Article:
Thursday, 21 June 2012

Rebuilding the Rainbow: Religious Fundamentalism and the Modern World

“Do not all charms fly
At the mere touch of cold philosophy?
There was an awful rainbow once in heaven:
We know her woof, her texture; she is given
In the dull catalogue of common things.
Philosophy will clip an Angel’s wings,
Conquer all mysteries by rule and line,
Unweave a rainbow”- John Keats.

On terrorists, rainbows and Pakistani textbooks: An introduction
Despite the resurgence of religious fundamentalism in modern life, there has been little thought given to the phenomenon in regards to its place on the political spectrum. Although it is tempting to classify it as a conservative or revolutionary movement, such a dichotomy is false. Fundamentalism seeks to combat the rationality of the current epoch by reconstructing a grand narrative of the past. This is achieved through the adoption of a selective and revisionist interpretation of ‘sacred history'. In generating this fabricated mythology, fundamentalists are able to restructure group identity so that it can be used instrumentally against the ‘other’. With this in mind, this post shall conclude that although religious fundamentalism may be considered diagnostically reactionary, the means of accomplishing its objectives are revolutionary. To prove such a sweeping hypothesis to you, dear reader, we shall examine the following in the course of this post: poetry, over-extended optics metaphors, the high-school syllabus of the Subcontinent and  the vicissitudes of African Jewry. 

Why does fundamentalism exist now?
To determine how political consciousness is fashioned and the nature of any resultant collective action, it is necessary to consider the injustice that fundamentalism seeks to respond to. Injustice is a “moral indignation that manifests itself in popular movements and provides the imperative for the movement’s existence." As such, fundamentalism can be viewed as a symptom of a wider rejection of progress, particularly the rational systems of science, secularism and post-modernism that necessarily threatens religion’s historic monopoly on ‘truth’. The demystification and perceived dehumanizing associated with the Enlightenment create an existential hazard to the fundamentalists’ inherently mystical worldview or, according to Keats’ inimitable charge, unweaving the rainbow by deconstructing it to mere “prismatic colours." Fundamentalists argue that such scientific reductionism demeans God and life.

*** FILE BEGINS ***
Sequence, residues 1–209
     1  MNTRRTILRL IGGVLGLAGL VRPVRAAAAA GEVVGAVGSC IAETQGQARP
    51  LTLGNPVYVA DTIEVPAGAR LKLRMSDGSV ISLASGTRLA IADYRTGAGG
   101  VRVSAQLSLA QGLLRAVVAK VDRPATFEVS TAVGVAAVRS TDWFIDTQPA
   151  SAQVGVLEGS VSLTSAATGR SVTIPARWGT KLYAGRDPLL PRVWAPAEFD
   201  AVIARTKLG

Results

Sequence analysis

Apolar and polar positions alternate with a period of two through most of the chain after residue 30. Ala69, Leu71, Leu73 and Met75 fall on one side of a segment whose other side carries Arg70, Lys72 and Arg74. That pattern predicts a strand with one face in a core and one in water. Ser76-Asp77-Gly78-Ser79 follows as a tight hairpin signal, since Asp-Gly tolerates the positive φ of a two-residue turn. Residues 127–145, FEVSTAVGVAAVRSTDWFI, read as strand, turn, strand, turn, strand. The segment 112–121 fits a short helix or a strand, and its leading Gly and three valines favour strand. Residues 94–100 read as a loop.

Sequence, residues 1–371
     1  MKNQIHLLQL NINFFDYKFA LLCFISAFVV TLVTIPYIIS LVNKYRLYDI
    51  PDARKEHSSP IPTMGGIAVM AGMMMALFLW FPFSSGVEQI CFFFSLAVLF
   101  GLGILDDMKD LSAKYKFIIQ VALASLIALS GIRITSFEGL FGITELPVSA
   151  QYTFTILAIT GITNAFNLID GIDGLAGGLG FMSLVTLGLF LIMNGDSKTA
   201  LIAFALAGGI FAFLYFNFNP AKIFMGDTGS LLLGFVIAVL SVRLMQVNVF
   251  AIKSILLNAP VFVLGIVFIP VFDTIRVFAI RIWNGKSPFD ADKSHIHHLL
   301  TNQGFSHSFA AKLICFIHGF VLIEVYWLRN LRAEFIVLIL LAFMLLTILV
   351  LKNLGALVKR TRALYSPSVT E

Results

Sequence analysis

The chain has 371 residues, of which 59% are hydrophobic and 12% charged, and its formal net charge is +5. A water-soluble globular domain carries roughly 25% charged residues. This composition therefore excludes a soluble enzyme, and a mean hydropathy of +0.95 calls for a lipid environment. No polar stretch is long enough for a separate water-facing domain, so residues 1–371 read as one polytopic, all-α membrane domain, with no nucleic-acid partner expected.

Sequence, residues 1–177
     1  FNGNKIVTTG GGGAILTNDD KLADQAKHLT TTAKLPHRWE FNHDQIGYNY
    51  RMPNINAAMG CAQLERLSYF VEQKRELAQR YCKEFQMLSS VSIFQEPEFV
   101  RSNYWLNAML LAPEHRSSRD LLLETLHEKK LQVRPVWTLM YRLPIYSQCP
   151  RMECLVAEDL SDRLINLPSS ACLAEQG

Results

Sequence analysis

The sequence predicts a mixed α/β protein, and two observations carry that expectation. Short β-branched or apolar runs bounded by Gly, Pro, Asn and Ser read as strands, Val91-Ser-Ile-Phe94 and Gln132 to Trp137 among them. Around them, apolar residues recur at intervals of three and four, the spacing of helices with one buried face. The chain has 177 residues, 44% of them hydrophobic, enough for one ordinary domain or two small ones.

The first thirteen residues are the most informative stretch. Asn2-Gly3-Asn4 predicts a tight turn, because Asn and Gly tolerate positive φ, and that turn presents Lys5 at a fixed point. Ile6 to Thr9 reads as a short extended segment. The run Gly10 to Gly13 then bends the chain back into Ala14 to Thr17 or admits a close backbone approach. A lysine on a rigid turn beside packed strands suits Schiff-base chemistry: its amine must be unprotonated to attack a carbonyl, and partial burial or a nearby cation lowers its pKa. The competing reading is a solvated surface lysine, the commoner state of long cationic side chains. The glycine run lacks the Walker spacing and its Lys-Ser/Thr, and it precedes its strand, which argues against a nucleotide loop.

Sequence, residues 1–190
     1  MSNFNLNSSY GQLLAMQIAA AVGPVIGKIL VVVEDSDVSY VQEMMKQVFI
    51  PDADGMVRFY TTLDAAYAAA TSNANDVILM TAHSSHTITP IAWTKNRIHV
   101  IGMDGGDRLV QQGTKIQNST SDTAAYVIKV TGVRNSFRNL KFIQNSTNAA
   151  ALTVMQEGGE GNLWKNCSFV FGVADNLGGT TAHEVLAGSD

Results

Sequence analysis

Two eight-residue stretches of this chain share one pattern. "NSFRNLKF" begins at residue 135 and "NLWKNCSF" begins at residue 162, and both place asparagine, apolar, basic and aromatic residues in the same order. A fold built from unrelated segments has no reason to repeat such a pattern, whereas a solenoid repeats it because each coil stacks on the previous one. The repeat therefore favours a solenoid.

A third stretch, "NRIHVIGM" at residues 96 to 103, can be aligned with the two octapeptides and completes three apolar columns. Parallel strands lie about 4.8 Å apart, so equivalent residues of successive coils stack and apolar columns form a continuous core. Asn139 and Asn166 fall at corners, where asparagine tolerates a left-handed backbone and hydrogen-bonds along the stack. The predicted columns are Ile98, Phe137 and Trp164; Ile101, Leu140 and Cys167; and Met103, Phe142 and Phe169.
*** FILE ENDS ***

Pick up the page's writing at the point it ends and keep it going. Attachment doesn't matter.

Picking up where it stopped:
Fundamentalists also reject the neutrality of scientific reasoning and instead replace it with a moral element, thus adding an extra layer of religious significance to the causation element of events, something that is inherently neutral. This added meaning applied to causation is due to Abrahamic fundamentalists’ unwavering belief in an omnipotent God – i.e. if God could stop something from occurring, then there must be an implicit reason for Him to allow the event unfold and vice versa. For example, the Westboro Baptist Church does not attribute the deaths of American servicepersons to the immediate cause of battle, but rather the normative cause is the United States acceptance of homosexuality.

The power of myth
To mobilize support for their political agenda to right the injustice of modernism, fundamentalists also seek to create a group identity; specifically, by a process of defining the collective against the other. The primary means of creating identity is the reconstruction of mythos. Mythos, according to Lévi-Strauss, is a body of highly sophisticated cultural artifacts that imprints the outlook of the myth’s creator onto the broader pattern of life. In the context of fundamentalism, such myths justify the creation of ‘sacred history’. This combination of myth and history creates a powerful symbol that gives meaning to existence and also a sense of identity through collective experiences and memories. Essentially, religious myths distill the phenomenon of the universe into simple and easily digestible narratives.